Its about as useful and practical as banning a plant that can be grown in any suburban backyard.

  3. TV clowns are clownish, in other words.

    I agree with you that he should face whatever penalty other folks caught with magazines routinely face (although I wouldn’t have any objection to the judge taking the context into account when it comes to sentencing, just like in any other case).

    I don’t agree that this is a case of TV people not doing their jobs. Their job is to sell commercial ad time for their network by generating high ratings. I agree with you that TV news is terrible (which is why i virtually never watch it), but this is what you get when you let market forces determine TV news format. If we want something different, then we need a different way of funding TV news.

    I’m not saying this excuses someone acting unethically. (And in this case, it was just plain stupid; he could have just held up a photo of an ammo magazine, surely.) I am saying that as long as TV news is primarily funded by the marketplace, then we’re doomed to low-quality TV news, unless the tastes of the audience change for some reason.

    • I fear you are right, my friend, that Gregory and his colleagues regard their jobs as acquiring ratings that allow for profitable ad sales by their employers. That has little to do with the profession and the mission of journalists, which means that they no longer think or act as journalists, and use the once-honorable title to elevate their perceived status above what they really do, which is, in the end, no different than what Charlie Sheen and Simon Cowell does.

      • I fear you are right, my friend, that Gregory and his colleagues regard their jobs as acquiring ratings that allow for profitable ad sales by their employers.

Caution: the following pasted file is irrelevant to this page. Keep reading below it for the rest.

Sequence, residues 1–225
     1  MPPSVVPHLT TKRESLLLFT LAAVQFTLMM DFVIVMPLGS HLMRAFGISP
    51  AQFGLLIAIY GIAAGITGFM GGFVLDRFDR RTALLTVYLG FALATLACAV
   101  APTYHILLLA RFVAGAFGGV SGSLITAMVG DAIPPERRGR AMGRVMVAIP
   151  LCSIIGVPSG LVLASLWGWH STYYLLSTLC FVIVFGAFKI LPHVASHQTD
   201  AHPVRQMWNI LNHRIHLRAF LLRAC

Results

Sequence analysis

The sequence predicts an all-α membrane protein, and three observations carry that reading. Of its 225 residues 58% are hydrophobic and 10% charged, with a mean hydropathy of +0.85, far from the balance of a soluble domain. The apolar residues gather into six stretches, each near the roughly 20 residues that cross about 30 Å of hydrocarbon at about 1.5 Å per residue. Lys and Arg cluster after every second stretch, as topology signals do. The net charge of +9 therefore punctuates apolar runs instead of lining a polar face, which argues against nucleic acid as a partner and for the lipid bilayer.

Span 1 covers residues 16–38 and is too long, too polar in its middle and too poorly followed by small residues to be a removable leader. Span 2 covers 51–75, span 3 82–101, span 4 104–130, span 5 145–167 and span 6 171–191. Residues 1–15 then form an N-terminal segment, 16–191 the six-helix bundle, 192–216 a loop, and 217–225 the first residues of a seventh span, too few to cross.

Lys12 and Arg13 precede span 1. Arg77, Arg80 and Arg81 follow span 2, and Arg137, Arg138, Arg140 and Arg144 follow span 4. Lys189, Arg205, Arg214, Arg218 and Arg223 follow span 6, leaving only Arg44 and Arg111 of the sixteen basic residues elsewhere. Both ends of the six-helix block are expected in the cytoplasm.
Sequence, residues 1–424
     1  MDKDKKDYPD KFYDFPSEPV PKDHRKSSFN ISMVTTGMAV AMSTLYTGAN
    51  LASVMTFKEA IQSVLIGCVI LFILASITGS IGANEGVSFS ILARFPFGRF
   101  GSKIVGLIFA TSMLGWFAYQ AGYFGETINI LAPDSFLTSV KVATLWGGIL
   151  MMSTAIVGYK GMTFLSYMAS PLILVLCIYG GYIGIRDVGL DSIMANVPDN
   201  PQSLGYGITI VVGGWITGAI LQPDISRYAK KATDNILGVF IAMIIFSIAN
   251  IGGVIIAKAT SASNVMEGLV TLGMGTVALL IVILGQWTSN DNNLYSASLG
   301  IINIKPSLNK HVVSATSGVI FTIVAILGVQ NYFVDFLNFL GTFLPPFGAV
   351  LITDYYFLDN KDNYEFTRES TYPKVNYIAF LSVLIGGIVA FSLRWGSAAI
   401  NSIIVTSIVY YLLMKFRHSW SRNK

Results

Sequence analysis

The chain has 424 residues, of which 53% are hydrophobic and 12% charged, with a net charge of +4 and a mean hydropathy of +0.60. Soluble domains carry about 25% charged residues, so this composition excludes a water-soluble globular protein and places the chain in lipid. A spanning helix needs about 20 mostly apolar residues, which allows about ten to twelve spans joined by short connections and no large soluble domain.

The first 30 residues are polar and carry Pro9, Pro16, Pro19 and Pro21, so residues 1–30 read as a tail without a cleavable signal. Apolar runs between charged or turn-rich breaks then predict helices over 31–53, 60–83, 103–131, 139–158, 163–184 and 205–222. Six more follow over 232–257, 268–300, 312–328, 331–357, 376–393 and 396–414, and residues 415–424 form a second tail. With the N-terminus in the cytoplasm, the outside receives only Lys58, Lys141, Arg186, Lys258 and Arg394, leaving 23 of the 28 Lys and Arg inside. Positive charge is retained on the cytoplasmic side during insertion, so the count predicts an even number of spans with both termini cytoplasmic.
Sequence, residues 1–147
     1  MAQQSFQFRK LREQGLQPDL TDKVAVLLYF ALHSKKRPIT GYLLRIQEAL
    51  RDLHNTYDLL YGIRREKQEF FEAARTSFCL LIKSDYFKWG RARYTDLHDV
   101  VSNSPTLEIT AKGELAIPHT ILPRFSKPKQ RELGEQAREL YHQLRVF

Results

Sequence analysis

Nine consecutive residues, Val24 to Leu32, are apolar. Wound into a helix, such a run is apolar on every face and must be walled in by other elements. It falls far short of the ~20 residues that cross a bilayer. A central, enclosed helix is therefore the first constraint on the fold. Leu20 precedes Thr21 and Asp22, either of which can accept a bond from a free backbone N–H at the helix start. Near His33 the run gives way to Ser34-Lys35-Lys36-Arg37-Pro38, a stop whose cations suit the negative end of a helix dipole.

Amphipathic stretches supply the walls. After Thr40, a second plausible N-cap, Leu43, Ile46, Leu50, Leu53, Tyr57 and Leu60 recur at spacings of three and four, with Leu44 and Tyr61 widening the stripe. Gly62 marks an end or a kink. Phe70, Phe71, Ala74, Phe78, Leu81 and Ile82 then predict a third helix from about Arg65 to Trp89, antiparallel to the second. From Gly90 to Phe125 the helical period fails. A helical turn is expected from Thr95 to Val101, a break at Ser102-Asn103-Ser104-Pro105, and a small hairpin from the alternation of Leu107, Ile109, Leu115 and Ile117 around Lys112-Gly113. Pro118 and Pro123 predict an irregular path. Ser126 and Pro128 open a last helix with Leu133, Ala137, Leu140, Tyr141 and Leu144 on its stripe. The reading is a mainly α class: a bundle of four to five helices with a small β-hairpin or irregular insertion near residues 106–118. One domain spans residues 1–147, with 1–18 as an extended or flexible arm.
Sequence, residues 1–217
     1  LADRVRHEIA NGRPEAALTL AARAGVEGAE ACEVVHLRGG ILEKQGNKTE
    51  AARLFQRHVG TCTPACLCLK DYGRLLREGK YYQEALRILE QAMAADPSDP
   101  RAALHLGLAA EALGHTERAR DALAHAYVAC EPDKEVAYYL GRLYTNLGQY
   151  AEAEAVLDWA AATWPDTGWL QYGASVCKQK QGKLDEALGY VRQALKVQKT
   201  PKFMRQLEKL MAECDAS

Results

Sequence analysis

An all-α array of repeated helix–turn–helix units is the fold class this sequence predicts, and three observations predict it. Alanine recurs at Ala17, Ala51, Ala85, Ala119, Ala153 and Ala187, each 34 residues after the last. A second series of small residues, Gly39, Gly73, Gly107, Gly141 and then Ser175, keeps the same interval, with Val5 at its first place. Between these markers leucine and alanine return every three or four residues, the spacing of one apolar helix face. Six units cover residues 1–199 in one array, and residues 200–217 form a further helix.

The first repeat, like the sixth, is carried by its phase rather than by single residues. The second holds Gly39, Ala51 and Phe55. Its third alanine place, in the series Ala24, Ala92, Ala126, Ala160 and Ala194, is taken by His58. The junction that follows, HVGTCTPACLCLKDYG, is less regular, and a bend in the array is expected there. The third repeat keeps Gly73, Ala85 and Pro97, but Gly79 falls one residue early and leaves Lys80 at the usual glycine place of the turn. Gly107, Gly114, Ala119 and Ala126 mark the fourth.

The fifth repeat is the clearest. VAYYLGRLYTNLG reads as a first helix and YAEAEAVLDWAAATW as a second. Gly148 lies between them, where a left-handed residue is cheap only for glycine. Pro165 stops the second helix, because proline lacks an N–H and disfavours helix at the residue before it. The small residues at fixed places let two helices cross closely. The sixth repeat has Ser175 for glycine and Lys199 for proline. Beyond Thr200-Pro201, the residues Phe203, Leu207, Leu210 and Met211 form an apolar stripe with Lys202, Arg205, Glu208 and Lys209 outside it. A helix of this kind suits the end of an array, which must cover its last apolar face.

And yet they think that demonizing gun owners (except the government, which has the longest track record of abusing guns) is supposed to drive up ratings?

    • Market forces are doing just fine, Mr. Deutsh. Can you say Fox News? Leaves the other cables — little siblings to the networks when it comes to progressive bias fueled by the Gramscian march through the institutions — in the dust. Also not mentioned in your comments is the fact that the networks are struggling, even as Fox News thrives. I sense in your tone a longing for public funding. Two things: 1. PBS 2. Pravda.

      • 1) PBS is obviously not without progressive/liberal bias. 2) Pravda.com and RT.com have now come full circle, and are now much more reliable sources of information about what is truly occurring in the USA and around the world.

      • I don’t think much of any network, including FOX. But FOX is a good example of what I mean: Watchers prefer openly opinionated anchors, and news that accords with their views. Hence the high ratings. It’s no surprise that FOX’s success has encouraged other networks to allow their on-air people to be more opinionated.

        Is that a good model? I dunno. The profit motive leads to some really stupid coverage – look at how much more coverage murders get when the victim is a pretty white woman, for example. Or how many FOX watchers genuinely believed that polls showing Obama would win were some sort of left-wing conspiracy.

        But given how politicized news-watching Americans are, probably any genuinely non-partisan network would quickly be deluged with complaints about bias from both left and right.

        PBS is supported mainly by donations and earnings, not by the government (only 15% of PBS’s funding comes from the government), so although it is a different funding model, it’s not exactly “public funding.” I can’t even remember the last time I watched PBS news, though.

  4. This is the real problem the “elite” have. Gregory is nothing but a Corporate hack, who pushes no opinion but what he is told to push. You give him too much credit for thinking for himself. Nothing happens on these networks by chance – he was told to bring that on the air by his “handlers” – and the decision to do so probably came from the tippy tippy top of the Corporate Plutocracy.